I agree, it's a great idea. Although, if everyone is drawing two cards, it jars the theme a wee bit -- are we one Disciple, or two, or what? And if we're two, how come the "straight" guy who's following the Traitor isn't turning him in? But, I agree, it has merit.

Jeff, according to the Gospel of Marc the disciples were sent by Jesus in pairs, so that's thematic justification right there ;)

- Rene Wiersma

Torrent
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Game #16: The 12 Disciples by jwarrend

I like "Sheep Among Wolves". Or even maybe "Throwing Sheep to the Wolves", although that may be too much.

Sort of an odd thought, and I'm no Bible scholar so I don't know how thematic this is. What if you had only One Pawn on the board. This represents the entire group of Jesus + 12. Then there would be some sort of determine where to go with the group.
This would get rid of the 'following' vs 'leading' Jesus thing, and also allow for the thematic use of 1 Disciple per Card. However it would throw your whole Gospel thing out of whack, so I dunno.

jwarrend
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Game #16: The 12 Disciples by jwarrend

zaiga wrote:

Jeff, according to the Gospel of Marc the disciples were sent by Jesus in pairs, so that's thematic justification right there ;)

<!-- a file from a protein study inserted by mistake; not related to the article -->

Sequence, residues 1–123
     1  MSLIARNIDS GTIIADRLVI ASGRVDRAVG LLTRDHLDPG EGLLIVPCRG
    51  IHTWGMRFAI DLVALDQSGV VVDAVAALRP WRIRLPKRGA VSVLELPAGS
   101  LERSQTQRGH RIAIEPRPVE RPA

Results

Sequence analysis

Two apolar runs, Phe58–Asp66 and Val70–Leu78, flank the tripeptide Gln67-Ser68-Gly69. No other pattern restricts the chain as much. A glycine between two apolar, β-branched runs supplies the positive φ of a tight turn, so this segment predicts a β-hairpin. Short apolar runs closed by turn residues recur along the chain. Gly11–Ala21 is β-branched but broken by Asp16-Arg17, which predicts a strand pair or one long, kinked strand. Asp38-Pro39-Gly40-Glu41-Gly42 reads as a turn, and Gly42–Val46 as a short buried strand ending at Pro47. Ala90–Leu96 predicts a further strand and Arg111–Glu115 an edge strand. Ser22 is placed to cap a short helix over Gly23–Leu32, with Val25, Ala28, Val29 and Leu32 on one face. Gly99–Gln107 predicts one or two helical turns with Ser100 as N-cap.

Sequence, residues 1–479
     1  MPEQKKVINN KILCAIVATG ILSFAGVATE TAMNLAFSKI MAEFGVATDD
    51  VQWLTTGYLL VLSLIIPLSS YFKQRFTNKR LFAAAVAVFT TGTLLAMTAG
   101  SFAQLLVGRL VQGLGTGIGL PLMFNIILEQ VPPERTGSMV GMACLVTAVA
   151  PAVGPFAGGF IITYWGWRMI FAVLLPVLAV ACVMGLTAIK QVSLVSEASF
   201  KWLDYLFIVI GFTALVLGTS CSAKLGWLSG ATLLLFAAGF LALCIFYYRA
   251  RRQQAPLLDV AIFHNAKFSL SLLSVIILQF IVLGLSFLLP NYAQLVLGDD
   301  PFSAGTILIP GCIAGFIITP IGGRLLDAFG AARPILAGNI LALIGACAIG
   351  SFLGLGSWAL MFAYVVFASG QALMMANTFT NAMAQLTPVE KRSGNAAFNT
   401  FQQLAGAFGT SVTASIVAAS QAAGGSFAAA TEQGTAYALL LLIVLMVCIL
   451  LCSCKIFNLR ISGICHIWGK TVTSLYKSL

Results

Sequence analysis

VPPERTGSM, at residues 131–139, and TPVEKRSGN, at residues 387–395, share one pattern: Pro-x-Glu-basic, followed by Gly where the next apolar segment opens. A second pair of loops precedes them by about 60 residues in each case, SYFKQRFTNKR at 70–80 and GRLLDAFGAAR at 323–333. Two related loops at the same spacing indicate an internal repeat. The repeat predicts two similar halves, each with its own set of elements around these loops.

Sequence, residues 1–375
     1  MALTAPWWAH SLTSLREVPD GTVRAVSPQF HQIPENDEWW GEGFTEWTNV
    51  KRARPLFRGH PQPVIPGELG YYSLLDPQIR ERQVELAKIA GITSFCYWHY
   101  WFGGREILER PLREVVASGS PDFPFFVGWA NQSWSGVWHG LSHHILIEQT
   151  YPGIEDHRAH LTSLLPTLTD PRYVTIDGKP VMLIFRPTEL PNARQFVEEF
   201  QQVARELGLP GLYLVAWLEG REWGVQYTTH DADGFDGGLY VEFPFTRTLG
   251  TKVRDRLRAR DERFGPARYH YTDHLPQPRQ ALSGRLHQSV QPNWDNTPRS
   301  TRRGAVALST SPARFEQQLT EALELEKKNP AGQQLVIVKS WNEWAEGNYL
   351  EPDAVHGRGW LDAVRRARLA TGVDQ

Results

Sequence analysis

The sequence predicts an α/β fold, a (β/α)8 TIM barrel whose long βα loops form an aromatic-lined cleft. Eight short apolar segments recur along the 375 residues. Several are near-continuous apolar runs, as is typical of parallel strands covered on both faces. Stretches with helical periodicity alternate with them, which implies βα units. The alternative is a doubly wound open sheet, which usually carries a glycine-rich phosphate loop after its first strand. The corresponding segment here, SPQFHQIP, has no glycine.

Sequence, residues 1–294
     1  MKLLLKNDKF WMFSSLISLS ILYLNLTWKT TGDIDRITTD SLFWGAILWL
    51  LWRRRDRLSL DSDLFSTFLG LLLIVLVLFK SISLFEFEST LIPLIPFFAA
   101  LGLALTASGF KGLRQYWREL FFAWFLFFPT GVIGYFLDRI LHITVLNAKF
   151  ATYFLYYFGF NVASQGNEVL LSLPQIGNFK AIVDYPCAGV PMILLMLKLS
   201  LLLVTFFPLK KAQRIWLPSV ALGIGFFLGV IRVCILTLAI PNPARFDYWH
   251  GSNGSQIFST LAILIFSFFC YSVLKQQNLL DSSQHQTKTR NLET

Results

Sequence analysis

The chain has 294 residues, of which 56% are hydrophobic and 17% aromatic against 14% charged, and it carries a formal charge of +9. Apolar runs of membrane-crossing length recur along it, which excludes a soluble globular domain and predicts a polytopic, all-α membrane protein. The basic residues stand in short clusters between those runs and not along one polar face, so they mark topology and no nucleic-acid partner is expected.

Bingo! Nice thinking, thanks!

sedjtroll
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Game #16: The 12 Disciples by jwarrend

As for the name, I like Acts of the Disciples, and I like simply Desciples (with definite articles thrown in as sen fit, to be removed by players anyway ;) )

As for the discussion of the traitor and guessing his identity... You've been clear that you want to stay in-theme, and you want players to feel like they're really the Disciples and whatnot- doing the things they ought to be and not things they oughtn't. Like "players shouldn't e willing to turn on Jesus at the drop of the hat if the payofff is big enough."

On that note, should the players all suspect each other of being a traitor I admit I haven't a clue what's in the scriptures... WERE the Disciples aware that there was a traitor in their midst? WERE they eager to jump on each other with accusations of trason against Jesus?

This comes back to the Traior mechanic again, and I see your point about one player (randomly determined) to be basially against the others- with the option of simply not betraying Jesus and scoring normally, but I think the game would simulate the feeling you seem to want (someone is tempted by the pharases to betray Jesus) if anyone could be the traitor.